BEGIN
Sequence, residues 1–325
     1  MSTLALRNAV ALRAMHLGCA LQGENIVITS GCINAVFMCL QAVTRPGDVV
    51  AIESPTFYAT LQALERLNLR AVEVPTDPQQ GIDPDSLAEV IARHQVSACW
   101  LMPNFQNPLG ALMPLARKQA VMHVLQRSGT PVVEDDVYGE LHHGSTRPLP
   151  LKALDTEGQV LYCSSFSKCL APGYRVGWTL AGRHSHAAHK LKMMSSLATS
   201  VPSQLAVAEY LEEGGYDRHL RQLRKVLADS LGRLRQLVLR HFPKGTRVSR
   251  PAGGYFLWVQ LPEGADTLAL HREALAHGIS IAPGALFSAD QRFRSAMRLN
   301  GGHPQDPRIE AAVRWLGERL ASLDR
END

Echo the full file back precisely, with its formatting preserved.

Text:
Sequence, residues 1–325
     1  MSTLALRNAV ALRAMHLGCA LQGENIVITS GCINAVFMCL QAVTRPGDVV
    51  AIESPTFYAT LQALERLNLR AVEVPTDPQQ GIDPDSLAEV IARHQVSACW
   101  LMPNFQNPLG ALMPLARKQA VMHVLQRSGT PVVEDDVYGE LHHGSTRPLP
   151  LKALDTEGQV LYCSSFSKCL APGYRVGWTL AGRHSHAAHK LKMMSSLATS
   201  VPSQLAVAEY LEEGGYDRHL RQLRKVLADS LGRLRQLVLR HFPKGTRVSR
   251  PAGGYFLWVQ LPEGADTLAL HREALAHGIS IAPGALFSAD QRFRSAMRLN
   301  GGHPQDPRIE AAVRWLGERL ASLDR